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The Cistercians at Buckland Abbey, from Foundation to Dissolution PhD Studentship - History

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  • Full or part time
    Prof J Clark
    Prof S Rippon
  • Application Deadline
    No more applications being accepted
  • Funded PhD Project (European/UK Students Only)
    Funded PhD Project (European/UK Students Only)

Project Description

This PhD project provides an exciting opportunity to develop an inter-disciplinary study of Buckland Abbey, an exceptional medieval site, and to gain experience of the research questions, engagement opportunities and interpretation needs arising in a contemporary heritage context. Partially based at Buckland Abbey, the researcher will benefit from the guidance of National Trust staff and will share the outcomes of their research with the property’s managers, volunteer guides and visitors; in this way they will contribute to the continuing development of interpretation at the site.

The University of Exeter are working in partnership with the National Trust to produce a new account of the medieval history of Buckland Abbey, its buildings, people and their environment, from the thirteenth century to the Dissolution. The focus of this project is a collaborative PhD project, which will be supported by a studentship funded at UKRI rates (covering full UK/EU tuition fees of £4,407 per annum, and a maintenance award valued in 2020/21 at £15,285 per annum.

Buckland Abbey was founded as a Cistercian monastery in 1278, built from locally quarried shillet and granite. Alongside the main body of the Abbey and the Great Barn (c.1300) that remains today, the Cistercian complex would also have included cloisters, a bake house, brew house and workshops.
The requisition of Buckland Abbey during Henry VIII’s Dissolution of the monasteries led to 13 monks being pensioned in 1538. The land was eventually leased to Richard Grenville in 1541 whose grandson, also Richard, converted the Abbey into a fashionable, Elizabethan home. Grenville sold Buckland in 1580 to perhaps its most famous owner, Sir Francis Drake. The house remained in the Drake family until 1946; a year later it was acquired by the National Trust.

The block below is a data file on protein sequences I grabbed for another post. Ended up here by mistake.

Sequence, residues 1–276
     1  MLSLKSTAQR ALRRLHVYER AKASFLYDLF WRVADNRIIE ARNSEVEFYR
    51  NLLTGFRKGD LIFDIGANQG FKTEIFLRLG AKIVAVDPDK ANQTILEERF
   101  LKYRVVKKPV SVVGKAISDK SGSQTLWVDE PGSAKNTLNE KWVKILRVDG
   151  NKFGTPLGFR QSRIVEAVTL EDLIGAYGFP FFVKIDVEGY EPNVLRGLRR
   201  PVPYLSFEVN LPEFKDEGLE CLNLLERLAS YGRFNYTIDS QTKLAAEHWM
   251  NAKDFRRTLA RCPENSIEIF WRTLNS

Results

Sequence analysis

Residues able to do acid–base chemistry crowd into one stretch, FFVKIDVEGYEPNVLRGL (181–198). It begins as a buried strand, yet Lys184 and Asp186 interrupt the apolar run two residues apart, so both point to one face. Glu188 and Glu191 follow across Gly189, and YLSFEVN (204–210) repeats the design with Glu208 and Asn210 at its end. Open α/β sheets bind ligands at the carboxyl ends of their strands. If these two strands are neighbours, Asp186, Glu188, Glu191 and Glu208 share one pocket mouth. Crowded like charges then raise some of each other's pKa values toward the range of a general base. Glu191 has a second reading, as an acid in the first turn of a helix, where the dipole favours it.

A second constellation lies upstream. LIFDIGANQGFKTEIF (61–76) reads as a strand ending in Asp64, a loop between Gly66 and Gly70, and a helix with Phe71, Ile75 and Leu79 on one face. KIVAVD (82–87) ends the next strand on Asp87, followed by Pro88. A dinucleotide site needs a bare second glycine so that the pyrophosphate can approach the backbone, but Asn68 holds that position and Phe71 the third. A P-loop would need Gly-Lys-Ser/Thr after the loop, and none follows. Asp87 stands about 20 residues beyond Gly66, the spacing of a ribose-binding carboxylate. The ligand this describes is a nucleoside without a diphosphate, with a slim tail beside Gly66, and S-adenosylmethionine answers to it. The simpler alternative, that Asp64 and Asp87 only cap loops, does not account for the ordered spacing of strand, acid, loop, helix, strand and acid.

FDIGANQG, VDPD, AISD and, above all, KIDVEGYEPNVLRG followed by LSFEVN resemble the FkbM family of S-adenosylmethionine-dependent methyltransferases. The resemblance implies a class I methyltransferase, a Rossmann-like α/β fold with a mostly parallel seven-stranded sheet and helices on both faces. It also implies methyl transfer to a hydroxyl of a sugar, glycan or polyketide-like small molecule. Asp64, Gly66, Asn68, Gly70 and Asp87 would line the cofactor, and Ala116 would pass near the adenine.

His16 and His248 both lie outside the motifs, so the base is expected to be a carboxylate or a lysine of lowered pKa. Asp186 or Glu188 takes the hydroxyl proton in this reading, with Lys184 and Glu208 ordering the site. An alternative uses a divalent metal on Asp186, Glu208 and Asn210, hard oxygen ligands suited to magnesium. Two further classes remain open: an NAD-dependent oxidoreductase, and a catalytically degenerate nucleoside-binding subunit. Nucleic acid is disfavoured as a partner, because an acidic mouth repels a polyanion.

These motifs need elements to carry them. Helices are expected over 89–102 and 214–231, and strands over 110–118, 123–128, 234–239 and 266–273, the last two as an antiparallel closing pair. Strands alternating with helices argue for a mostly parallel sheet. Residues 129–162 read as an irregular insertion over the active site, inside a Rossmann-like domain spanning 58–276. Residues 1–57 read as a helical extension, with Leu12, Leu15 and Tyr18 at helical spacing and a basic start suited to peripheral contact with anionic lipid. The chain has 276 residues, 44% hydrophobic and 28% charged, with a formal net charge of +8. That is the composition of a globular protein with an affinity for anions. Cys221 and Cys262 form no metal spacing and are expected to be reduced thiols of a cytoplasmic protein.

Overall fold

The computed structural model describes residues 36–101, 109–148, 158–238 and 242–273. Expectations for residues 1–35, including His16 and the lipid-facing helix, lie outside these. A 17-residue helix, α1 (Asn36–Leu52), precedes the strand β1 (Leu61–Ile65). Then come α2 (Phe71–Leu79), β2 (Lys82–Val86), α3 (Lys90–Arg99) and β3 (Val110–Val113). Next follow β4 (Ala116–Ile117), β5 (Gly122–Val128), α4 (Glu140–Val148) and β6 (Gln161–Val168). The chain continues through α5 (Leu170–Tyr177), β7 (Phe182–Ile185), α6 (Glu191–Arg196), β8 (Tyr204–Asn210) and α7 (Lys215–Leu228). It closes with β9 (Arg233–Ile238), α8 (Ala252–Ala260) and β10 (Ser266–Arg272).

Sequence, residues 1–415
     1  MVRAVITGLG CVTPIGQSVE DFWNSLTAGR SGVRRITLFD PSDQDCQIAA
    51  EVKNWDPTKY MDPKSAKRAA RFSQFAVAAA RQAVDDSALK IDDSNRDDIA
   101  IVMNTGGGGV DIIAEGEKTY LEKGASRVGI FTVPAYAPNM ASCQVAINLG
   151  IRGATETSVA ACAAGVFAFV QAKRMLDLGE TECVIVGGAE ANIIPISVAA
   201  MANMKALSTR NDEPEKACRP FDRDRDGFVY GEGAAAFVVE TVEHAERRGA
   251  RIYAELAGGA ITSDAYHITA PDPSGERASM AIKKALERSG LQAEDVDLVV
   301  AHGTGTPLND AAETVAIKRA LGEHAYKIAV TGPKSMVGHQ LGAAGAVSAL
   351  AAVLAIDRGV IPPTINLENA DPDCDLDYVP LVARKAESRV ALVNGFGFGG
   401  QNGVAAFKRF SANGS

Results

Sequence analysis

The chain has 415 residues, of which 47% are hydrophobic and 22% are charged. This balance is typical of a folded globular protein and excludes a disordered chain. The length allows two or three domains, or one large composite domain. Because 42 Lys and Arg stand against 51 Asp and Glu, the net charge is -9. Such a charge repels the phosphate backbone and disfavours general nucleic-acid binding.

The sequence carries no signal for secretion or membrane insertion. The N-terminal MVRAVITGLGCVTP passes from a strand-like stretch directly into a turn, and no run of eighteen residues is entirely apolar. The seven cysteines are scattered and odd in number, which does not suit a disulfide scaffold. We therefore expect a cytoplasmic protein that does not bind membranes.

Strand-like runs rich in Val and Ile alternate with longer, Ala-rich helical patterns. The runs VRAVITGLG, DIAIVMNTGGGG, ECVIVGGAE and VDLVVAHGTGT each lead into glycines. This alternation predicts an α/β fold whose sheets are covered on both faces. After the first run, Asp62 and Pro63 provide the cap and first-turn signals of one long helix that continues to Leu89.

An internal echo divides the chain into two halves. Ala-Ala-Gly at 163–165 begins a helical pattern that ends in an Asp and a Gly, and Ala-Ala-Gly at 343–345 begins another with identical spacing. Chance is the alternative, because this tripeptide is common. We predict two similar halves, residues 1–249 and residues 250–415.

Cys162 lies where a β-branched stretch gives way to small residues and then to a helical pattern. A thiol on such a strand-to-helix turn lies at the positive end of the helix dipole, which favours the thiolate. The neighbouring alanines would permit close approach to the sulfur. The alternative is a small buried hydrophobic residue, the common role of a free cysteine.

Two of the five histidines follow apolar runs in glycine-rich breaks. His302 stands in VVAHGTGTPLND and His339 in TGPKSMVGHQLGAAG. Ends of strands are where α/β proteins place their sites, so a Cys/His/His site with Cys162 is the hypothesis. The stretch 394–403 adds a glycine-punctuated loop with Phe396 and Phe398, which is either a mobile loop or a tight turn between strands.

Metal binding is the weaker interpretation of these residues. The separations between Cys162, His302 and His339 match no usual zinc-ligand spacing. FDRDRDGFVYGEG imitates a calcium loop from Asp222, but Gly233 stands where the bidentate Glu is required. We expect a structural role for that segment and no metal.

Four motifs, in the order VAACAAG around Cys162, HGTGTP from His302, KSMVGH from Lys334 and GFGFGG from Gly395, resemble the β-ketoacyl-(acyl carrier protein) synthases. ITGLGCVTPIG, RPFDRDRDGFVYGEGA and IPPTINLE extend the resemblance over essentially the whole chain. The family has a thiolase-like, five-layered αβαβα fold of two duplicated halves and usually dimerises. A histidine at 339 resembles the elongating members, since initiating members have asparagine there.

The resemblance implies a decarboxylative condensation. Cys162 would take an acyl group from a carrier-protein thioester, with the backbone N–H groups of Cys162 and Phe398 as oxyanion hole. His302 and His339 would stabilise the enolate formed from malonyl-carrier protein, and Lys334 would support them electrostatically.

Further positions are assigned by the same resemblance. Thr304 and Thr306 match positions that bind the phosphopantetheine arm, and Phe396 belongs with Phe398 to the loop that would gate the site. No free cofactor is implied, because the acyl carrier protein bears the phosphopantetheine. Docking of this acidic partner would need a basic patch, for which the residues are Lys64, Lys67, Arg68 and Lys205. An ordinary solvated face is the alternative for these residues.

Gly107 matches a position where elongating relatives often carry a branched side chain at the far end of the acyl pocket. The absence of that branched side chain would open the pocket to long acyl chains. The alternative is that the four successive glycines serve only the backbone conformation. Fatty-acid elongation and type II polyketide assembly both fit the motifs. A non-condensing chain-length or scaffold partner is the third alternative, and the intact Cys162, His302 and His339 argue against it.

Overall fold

This PhD project provides an exciting opportunity to develop an inter-disciplinary study of this exceptional medieval site and to gain experience of the research questions, engagement opportunities and interpretation needs arising in a contemporary heritage context. Partially based at Buckland Abbey, the researcher will benefit from the guidance of National Trust staff and will share the outcomes of their research with the property’s managers, volunteer guides and visitors; in this way they will contribute to the continuing development of interpretation at the site.

Key themes for the project include:

- Buckland and Cistercian colonies in medieval England: Foundation, formation and development of the estate and its infrastructure and the impact on West Devon and the South West Cistercian network.

- Building Buckland: The church and complex as well as the developing landscape and its management. How did the church at Buckland evolve and how did it compare to Cistercian settlements elsewhere?

- The Cistercian experience: Monastic community, cult, craft and lifecourse: Who were the monks at Buckland and how were they occupied?

- Buckland and its world: Economy and social networks. How wealthy was Buckland Abbey and what was its value to its neighbourhood and the region?

- Ends and beginnings: Dissolution of the Cistercian network, the surrender of the Abbey and its subsequent impact. What happened to the monastic community and to what extent were the neighbourhood, and the Buckland estates, reshaped by the dissolution?

The researcher will carry out primary research at regional, national and international archives and libraries; with the advice and support of the partner organisations, there is also an expectation of fresh investigations of the material culture of the site and the history of its surrounding landscape. The researcher will engage not only with the standing buildings but also architectural fragments, the Historic Environment Record and (where applicable) grey literature. In the course of the project, they will contribute to briefings for staff and volunteers, articles for the property newsletter and assist in the preparation of exhibitions to showcase the research.

This is an excellent opportunity not only to secure funding for an ambitious, interdisciplinary PhD but also to gain experience of the application of research in heritage and public engagement. Interacting both in and between Higher Education and non-academic communities, this project will be ideal point-of-entry for a researcher considering a career in public heritage and the museums sector.

For informal discussion of this opportunity please contact: James Clark at Exeter ([Email Address Removed]) or Carol Murrin at Buckland ([Email Address Removed]).

Funding Notes

The University of Exeter are working in partnership with the National Trust to produce a new account of the medieval history of Buckland Abbey, its buildings, people and their environment, from the thirteenth century to the Dissolution. The focus of this project is a collaborative PhD project, which will be supported by a studentship funded at UKRI rates (covering full UK/EU tuition fees of £4,407 per annum, and a maintenance award valued in 2020/21 at £15,285 per annum.

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